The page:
So, we've ascertained that Blade of Fate is built on a solid foundation, but how does it build on that foundation? Well, first of all there is an extensive story mode which intersperses battles with dialogue and plot events that should be extremely familiar to fans of the television series. Thankfully, for those who are primarily interested in unlocking additional characters/Spirit Cards, all cut-scenes and tutorial segments can be skipped. Ichigo's story is the primary focus of this mode, but a good deal of other characters also get their own small selection of missions. All in all you're looking at a good few hours of gameplay, even if some of that time is artificially enhanced by an aggravating string of repeat battles, some of which force you to guess at an unspecified condition (e.g. win with a full Spiritual Pressure gauge) before it will let you progress. Beyond the story mode there's also a host of other single player endeavours, from arcade through to survival and beyond. But the real meat of the game comes in the form of the all-important versus mode!

Everything you could want from a multiplayer fighting game is here. That means CPU-controlled characters to train against, local wireless matches and download play for all possible player combinations, and, of course, internet matches via the Nintendo Wi-Fi connection. With support for random match-ups, friend battles (yes, those pesky friend codes return, but were you honestly expecting anything else?) and ranked matches which pair you with players of similar abilities, there's plenty to keep you entertained. Plus, with the exception of overly-frantic four player matches (which, as mentioned, we tend to avoid anyway), we experienced next to no lag ? something that could have easily ruined the entire experience. Oh, and as for those Spirit Cards we mentioned earlier, they're completely optional when playing online! Of course, fighting games are notorious for attracting ridiculously talented gamers that will have no qualms with endlessly combo'ing you into oblivion, and while that's hardly the game's fault, you might want to bare it in mind.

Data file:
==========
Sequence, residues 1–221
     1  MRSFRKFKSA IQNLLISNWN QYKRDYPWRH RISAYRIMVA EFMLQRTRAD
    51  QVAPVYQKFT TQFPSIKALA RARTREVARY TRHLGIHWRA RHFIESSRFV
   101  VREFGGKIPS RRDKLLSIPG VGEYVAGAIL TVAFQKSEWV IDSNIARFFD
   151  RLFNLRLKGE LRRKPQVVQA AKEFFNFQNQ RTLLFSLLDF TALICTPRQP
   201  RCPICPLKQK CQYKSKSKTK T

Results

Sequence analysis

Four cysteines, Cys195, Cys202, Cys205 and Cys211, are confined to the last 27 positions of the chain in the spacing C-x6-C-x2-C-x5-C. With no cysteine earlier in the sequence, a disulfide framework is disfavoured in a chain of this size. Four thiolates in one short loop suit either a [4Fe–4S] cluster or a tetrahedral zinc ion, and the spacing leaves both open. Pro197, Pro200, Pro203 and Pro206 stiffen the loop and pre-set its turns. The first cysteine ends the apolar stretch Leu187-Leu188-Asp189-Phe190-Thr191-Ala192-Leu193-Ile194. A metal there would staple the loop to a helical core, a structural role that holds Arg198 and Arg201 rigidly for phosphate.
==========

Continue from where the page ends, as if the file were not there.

Cubed3 Rating

Rated 8 out of 10

Great - Silver Award

Rated 8 out of 10

Bleach: The Blade of Fate is a game that could be stripped of its anime roots and still be a great fighter. Whether you're a fan of the series or of the genre (or both!) you're in for a treat. The solid combat system is decorated with tons of playable characters, modes and unlockables as well as gorgeous visuals and authentic audio, with very little in the way of noticeable flaws. If 2D fighters have never really been your cup of tea, then there's very little to change your mind here, but for everyone else ? we heartily recommend this product!









C3 Score

Rated $score out of 10  8/10

Reader Score

Rated $score out of 10  10/10 (3 Votes)

European release date Out now   North America release date Out now   Japan release date Out now   Australian release date Out now   


Another Treasure treasure, right? Smilie Great stuff Smilie Definitely going to check this out. Shame it's not even made the DS Top 30 in the UK Smilie

Adam Riley [ Director :: Cubed3 ]

Spot on review Spydarless. Great work. I imported this game when I first came to Japan and loved it! A great fighting game on the DS, regardless of like or dislike for the anime series.

Awesome. I'll definately buy it when I have some money... Smilie

Or can you import the 2nd game with MORE characters and modes. Smilie

Thanks for the comments guys. "Spot on," eh? Not bad. Smilie

That is a shame, Adam. I don't follow the charts all that much, but I would have expected it to do better than that!

I don't usually pursue fighters on a regular basis (I love the Soul Calibur series, but that's about it), so for this game to win me over is quite an achievement for Treasure.

ďOr can you import the 2nd game with MORE characters and modes.Ē

Or wait a little while longer for the U.S release in August - trust Europe to be left behind once again, though!

Cubed3 Staff [ Retro Editor :: Previews Editor ]